Conceptual framework and intervention structure and process (PLA cycle/aim2)

PLA participants stressed the importance of the intervention being equally applicable to any family member, irrespective of their role in future care, and deliverable as the opportunity arose. Use of a pre-existing intervention such as FOCUS or COPE was therefore considered impractical and inappropriate. Therefore, to ensure the intervention could be delivered flexibly, depending on family and clinical circumstances, we used a structured conversation design, a brief intervention design considered clinically feasible for provision of evidence-based psychosocial support [54].

In addition, PLA participants emphasised the importance of involving family members in end-of-life care decisions, recognising their knowledge of the ill person and ‘how they do things as a family’. Therefore, the intervention was theoretically modelled on Family Sense of Coherence [55]. Family Sense of Coherence is theoretically congruent with the stress, coping and adaptation theories underpinning the reviewed studies, but rather than focusing on ill health (distress) and quality of life, it focuses on family strengths, resilience (coherence) and salutogenesis (wellness). Coherence is influenced by whether life events are considered comprehensible, manageable and meaningful and congruent with ‘how we do things as a family’ [55]. Family Sense of Coherence was also theoretically consistent with the interventional processes of meaning-making, problem-solving and harnessing resources, identified in the evidence review.

Importantly, the meaningfulness component of FSC is considered key to family coherence [55]. Meaning focused approaches are particularly helpful in situations characterised by uncertainty [56] by helping to realign priorities and create or renew a sense of purpose [57]. This approach therefore suited end-of-life care transitions where family priorities move towards the care of a dying member, when there is limited time to make decisions about place of care and where there is uncertainty about care provision and the future. Thus, addressing uncertainty by focusing on meaningfulness is likely to strengthen family coherence. Family members with strong family coherence are likely to have positive caring experiences [58,59,60], and confidence in end-of-life care provision [61].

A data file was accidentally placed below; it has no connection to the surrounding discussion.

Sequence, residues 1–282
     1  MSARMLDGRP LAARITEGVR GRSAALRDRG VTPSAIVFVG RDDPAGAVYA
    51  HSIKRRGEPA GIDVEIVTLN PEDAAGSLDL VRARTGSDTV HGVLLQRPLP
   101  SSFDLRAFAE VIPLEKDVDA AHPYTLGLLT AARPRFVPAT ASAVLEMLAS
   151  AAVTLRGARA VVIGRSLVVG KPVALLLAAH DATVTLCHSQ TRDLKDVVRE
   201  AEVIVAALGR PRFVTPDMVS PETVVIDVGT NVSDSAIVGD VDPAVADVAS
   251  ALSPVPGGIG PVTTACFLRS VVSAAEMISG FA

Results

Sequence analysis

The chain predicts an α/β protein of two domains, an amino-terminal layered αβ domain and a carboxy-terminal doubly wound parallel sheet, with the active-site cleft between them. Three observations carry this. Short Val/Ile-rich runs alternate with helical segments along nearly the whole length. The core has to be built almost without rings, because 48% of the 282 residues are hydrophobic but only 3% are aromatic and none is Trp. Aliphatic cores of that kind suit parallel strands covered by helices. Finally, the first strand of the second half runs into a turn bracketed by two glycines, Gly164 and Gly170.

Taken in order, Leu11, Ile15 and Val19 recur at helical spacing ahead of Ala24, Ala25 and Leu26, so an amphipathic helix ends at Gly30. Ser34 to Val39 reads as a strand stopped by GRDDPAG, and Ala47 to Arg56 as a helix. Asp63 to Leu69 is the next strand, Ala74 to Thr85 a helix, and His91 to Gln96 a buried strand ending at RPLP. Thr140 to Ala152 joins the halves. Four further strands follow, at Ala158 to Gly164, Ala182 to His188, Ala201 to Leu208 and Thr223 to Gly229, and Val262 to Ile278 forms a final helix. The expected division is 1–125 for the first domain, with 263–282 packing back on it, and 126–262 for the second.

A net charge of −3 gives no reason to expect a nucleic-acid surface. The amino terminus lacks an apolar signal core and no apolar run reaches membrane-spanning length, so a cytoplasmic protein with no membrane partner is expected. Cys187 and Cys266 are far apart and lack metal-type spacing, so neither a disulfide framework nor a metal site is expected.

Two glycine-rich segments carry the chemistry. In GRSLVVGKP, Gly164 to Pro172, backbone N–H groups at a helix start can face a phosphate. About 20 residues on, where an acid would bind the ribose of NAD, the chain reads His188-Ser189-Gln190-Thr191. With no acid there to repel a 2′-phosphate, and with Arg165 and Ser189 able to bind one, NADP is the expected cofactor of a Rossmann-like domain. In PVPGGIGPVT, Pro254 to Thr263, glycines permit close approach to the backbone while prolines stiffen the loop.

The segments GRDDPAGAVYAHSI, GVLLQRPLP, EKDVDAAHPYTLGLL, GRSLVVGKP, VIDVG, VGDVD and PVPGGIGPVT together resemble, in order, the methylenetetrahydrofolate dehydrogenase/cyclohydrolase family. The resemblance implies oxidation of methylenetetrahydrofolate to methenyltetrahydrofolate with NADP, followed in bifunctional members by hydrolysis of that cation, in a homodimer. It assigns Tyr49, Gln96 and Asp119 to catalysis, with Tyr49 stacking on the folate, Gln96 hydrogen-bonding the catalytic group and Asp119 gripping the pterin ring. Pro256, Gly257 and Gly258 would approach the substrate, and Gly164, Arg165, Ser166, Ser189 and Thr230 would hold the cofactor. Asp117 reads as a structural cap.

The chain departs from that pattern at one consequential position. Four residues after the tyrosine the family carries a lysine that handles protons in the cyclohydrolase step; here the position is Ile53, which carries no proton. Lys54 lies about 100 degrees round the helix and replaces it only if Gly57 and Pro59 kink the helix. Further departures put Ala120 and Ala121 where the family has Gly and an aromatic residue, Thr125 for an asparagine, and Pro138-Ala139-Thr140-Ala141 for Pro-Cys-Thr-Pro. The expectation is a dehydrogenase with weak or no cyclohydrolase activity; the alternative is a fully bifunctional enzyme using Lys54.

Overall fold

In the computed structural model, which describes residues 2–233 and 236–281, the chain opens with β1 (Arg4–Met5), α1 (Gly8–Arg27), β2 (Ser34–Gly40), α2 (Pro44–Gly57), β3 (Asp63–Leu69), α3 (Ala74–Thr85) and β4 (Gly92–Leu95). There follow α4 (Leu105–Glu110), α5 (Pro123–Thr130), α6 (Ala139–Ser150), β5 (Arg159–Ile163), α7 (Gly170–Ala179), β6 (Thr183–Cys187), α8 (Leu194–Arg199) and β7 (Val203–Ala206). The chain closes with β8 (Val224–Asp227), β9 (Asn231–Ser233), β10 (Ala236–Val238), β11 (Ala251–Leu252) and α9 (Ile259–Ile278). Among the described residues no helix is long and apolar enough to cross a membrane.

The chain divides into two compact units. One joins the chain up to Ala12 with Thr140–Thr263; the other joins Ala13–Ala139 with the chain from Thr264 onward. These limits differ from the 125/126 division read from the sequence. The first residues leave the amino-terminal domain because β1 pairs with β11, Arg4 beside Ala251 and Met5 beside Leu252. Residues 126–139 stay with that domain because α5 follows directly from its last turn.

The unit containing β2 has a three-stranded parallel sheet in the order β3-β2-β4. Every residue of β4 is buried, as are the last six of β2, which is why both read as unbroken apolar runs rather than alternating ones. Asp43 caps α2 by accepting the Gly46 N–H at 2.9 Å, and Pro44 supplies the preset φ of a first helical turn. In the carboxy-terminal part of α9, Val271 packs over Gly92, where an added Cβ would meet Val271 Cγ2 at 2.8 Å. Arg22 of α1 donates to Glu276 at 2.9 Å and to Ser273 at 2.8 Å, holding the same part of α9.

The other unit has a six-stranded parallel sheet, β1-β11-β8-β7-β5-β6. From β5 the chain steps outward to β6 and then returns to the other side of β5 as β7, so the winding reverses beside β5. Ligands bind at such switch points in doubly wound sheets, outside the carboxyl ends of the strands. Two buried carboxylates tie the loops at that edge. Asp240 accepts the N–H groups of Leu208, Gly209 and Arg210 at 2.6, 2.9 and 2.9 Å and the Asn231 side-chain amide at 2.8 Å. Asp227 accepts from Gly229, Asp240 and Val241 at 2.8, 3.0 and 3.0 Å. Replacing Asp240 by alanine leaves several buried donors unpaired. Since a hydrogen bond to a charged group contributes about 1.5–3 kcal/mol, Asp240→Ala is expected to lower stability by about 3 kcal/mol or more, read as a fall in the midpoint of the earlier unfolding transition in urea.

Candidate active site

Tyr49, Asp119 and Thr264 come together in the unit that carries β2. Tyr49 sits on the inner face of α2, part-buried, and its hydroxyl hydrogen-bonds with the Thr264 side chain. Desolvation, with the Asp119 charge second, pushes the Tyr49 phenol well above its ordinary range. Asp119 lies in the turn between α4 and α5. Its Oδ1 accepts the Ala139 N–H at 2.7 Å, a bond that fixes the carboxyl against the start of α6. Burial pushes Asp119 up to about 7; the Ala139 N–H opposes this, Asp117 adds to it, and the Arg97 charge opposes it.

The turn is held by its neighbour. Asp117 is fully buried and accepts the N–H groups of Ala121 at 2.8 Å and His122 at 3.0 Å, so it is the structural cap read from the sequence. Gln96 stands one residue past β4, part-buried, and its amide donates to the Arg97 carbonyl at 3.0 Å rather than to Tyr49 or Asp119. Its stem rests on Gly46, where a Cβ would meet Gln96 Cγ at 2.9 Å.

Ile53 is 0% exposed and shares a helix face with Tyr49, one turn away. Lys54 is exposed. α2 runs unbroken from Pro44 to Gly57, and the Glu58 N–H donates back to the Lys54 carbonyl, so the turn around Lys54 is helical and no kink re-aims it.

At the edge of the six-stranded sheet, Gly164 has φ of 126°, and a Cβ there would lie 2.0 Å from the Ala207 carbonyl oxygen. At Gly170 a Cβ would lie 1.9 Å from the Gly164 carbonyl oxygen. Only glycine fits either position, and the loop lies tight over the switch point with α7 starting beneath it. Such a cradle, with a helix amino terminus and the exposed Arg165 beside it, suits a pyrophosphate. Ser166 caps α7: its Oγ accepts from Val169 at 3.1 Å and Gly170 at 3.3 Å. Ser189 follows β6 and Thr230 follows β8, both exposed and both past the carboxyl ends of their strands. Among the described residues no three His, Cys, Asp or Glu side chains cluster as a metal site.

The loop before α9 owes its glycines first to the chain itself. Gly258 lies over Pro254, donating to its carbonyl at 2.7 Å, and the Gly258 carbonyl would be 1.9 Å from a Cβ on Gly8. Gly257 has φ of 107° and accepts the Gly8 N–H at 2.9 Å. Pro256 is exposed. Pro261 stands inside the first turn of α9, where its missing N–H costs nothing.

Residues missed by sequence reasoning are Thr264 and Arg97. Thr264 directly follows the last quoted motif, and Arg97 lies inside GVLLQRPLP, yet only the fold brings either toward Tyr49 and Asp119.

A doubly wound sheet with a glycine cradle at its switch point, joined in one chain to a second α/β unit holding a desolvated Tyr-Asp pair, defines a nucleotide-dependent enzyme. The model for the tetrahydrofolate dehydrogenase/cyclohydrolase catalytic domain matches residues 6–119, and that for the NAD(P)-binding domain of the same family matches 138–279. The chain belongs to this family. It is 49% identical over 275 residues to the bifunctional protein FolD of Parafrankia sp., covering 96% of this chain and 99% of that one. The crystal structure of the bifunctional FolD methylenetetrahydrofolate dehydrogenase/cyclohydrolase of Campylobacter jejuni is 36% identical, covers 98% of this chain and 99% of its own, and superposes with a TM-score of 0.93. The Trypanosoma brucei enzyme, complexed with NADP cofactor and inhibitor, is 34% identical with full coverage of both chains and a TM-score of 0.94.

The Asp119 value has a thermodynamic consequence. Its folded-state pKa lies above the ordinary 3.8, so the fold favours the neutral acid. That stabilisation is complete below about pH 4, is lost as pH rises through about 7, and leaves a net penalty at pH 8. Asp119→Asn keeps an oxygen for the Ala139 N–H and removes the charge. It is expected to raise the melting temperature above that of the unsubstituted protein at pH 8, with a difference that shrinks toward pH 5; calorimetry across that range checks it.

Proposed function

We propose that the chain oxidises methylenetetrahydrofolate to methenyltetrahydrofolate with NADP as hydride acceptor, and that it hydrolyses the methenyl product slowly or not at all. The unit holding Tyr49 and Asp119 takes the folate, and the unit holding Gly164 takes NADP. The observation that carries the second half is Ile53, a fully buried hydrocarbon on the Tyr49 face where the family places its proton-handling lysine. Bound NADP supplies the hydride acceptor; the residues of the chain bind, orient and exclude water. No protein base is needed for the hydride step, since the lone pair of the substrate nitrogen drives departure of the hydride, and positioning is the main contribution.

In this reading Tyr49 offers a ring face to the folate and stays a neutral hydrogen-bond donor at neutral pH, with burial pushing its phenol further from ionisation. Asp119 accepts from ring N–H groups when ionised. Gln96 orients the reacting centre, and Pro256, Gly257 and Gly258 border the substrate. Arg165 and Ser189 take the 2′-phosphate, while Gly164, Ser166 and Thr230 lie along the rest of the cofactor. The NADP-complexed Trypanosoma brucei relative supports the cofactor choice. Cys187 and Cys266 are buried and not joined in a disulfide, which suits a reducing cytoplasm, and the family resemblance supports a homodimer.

Consequently, the internal logic of the resulting conceptual framework proposed that family members’ uncertainties about end-of-life care could be reduced by identifying and addressing their concerns, by providing information and coaching problem-solving. As a result, family members would make informed decisions about their role in care and harness family and community resources. Thus, the intervention would foster family coherence (resilience) (Fig. 2).

Fig. 2
figure2

Family-Focused Support Conversation: Conceptual Framework and Logic Diagram

The structure and process of the intervention, resulting from the participatory theatre workshops, are outlined in Table 3 and Fig. 3. This description includes a revision made by clinical co-researchers during implementation training, to use an empathetic phrase at the beginning of the intervention to orientate participants to the family focus of the conversation, followed by a pause. This combination of empathetic statement and pause, increases the likelihood that concerns are raised and addressed in clinical consultations [62].

Table 3 Structure and process of intervention and underpinning theoretical framework
Fig. 3
figure3

Family-Focused Support Conversation – process

Implementation results (PLA cycle/aim3)

Data consisted of n = 22 reflective records of intervention delivery (site 1: n = 5; site 2: n = 10; site 3: n = 7), n = 3 records of discussion of implementation progress and n = 2 records of evaluation meetings.

Table 4 provides a summary of analysis, constructed from data coded against NPT-generated questions for intervention evaluation [46]. The table provides the source of data quoted in italics below. All quotes were provided by clinical co-researchers - specialist nurses and occupational therapists in palliative care..

Table 4 Implementation results – summary of analysis using NPT generated questions for interventions (Murray et al., 2010)

The potential for the intervention to be used in acute hospitals

All clinical co-researchers implemented the intervention. Some needed to see the intervention delivered or to deliver it themselves, ‘to get it’. Most needed to practice how to phrase the interventional prompts so that the intervention ‘flowed’ and was consistent with their communication style and patient population. Some approached implementation by delivering the intervention whenever they spoke to a family member about discharge care plans, irrespective of circumstances. Others initially selected opportunities to use the intervention, starting with more straightforward discharge situations. As co-researchers gained confidence, the intervention was incorporated into practice, irrespective of the complexity of discharge.